Playing dead may be the reason a hiker who was attacked by a female grizzly bear in Kananaskis Country last week managed to escape — with just a bite to the elbow to show for the encounter.
The hiker came across a mother grizzly and her cubs on Sept. 29 near Pasque Mountain southwest of Longview and accidentally got too close.
“The mother bear swatted and knocked him down,” Jennifer Dagsvik, with Alberta Environment and Parks, said in an emailed statement. “He put his arm up and the bear grabbed him by the elbow. He played dead, the bear dropped him and ran off, and he laid there for 10 minutes.”
- Watch the video below to hear expert tips on how to stay safe if you come face to face with a bear
She said that, in this case, Alberta Environment’s bear experts confirm that lying still was the right thing to do.
“We know that a female bear with a cub is going to attack to protect her cub. As soon as a person is no longer a threat, then she will go to find her cub.”
After the attack, the hiker was able to walk to his vehicle and drive to the hospital.
Dagsvik said the area has been closed for public safety and to give the bear and her cub space.
It was not clear whether the hiker was aware he had entered a restricted area, or whether he was alone.
Why the fall fattening focus might increase risk
Alberta Environment and Parks is reminding outdoor enthusiasts that they can encounter a bear at any time, and to stay alert.
“You just need to be aware of your surroundings as much as possible,” said Jay Honeyman, a human-wildlife conflict biologist with Alberta Environment and Parks.
Honeyman said that at this time of year, both black and grizzly bears are focused on fattening themselves up before they enter their dens for winter.
“What that means is that they’re not as attentive as they might normally be of their surroundings and the chances of surprising them is possible,” he said.
Honeyman said that, as buffalo berry season comes to a close, bears are looking for food elsewhere and often venturing beyond the backcountry.
“A lot of bears, particularly in the foothills and the mountains, have shifted to other food sources, and in our world of conflict that means things like fruit trees, grain bins, chicken coops, beehives.”
He said if people are headed into the mountains, it’s important to stay alert and go prepared.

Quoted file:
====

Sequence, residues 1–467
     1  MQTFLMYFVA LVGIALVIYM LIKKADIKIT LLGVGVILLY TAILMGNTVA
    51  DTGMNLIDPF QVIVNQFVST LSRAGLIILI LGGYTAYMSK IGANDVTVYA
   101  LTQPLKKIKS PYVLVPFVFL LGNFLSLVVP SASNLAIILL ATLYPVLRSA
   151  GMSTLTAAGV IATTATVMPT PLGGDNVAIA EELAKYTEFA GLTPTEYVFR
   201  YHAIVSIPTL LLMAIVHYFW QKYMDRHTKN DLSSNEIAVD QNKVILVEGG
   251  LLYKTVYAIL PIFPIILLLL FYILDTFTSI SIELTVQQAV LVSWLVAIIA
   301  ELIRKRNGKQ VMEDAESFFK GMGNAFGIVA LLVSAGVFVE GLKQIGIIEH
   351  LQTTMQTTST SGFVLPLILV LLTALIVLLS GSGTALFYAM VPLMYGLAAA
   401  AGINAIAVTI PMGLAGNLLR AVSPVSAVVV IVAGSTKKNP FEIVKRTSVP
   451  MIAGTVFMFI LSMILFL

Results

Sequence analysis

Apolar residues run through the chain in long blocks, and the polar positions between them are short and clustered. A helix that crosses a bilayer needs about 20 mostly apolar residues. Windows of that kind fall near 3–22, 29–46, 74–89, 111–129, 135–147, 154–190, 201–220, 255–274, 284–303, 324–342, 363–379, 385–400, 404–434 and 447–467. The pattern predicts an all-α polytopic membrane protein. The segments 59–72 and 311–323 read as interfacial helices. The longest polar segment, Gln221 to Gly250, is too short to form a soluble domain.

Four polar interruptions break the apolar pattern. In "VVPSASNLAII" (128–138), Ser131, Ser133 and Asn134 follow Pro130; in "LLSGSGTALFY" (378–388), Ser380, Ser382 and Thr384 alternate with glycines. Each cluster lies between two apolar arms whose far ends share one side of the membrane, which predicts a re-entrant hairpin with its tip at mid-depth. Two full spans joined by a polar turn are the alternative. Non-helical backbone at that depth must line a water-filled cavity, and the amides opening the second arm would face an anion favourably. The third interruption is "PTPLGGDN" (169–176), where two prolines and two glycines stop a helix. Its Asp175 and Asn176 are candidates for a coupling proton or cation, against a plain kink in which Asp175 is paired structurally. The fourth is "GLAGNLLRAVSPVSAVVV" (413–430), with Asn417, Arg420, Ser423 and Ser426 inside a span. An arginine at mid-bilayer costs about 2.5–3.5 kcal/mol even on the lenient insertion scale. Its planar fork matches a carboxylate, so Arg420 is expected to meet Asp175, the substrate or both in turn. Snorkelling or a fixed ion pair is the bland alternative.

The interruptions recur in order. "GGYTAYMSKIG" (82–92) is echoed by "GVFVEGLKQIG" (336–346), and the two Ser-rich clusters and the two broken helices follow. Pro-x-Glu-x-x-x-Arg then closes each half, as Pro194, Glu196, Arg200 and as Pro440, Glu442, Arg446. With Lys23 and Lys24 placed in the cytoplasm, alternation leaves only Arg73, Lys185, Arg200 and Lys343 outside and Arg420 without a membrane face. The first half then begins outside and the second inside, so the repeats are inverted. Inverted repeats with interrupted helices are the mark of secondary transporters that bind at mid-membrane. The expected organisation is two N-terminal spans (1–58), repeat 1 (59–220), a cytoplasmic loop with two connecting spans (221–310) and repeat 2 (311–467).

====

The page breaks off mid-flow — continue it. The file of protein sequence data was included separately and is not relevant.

He suggested people hike in groups, make lots of noise, keep pets on leashes and keep their eyes peeled for bear signs like scat or tracks.
“Bear spray is a big one,” Honeyman said. “We really are advocating the use of bear spray and to have it available and close on your person.”
Bears and beehives
Honeyman spoke to CBC News while setting up an electric fence near Ghost Lake, northwest of Calgary, after amateur beekeeper Peter Attalla discovered bear scat and a destroyed beehive on his property around mid-September.
He set up an electric fence and called Alberta Fish and Wildlife, who brought a bear trap for him that day.
“I really want to make sure that I’m not the one bringing the bear into my neighbourhood,” Attalla said.
The bear did not return — which is unusual, Attalla said, because a first taste of honey usually ensures a repeat visitor.
But fish and wildlife still contacted Honeyman on Attalla’s behalf, who suggested installing a more robust electric fence on the beekeeper’s property.
“[Honeyman] came, took a look at my fence, and very kindly said, ‘I think we can do better on this,'” Attalla said.
“And so, we’ve replaced the fence from something that would keep Bambi out — to something that’ll keep a grizzly out.”
The indirect bear encounter led Attalla to recommend contacting and following the advice of the experts regarding both bear prevention and defence — and at their recommendation, he also now keeps bear spray on him, just in case.
“As you’re learning these things, it’s really just to reach out to experts and let them help you.”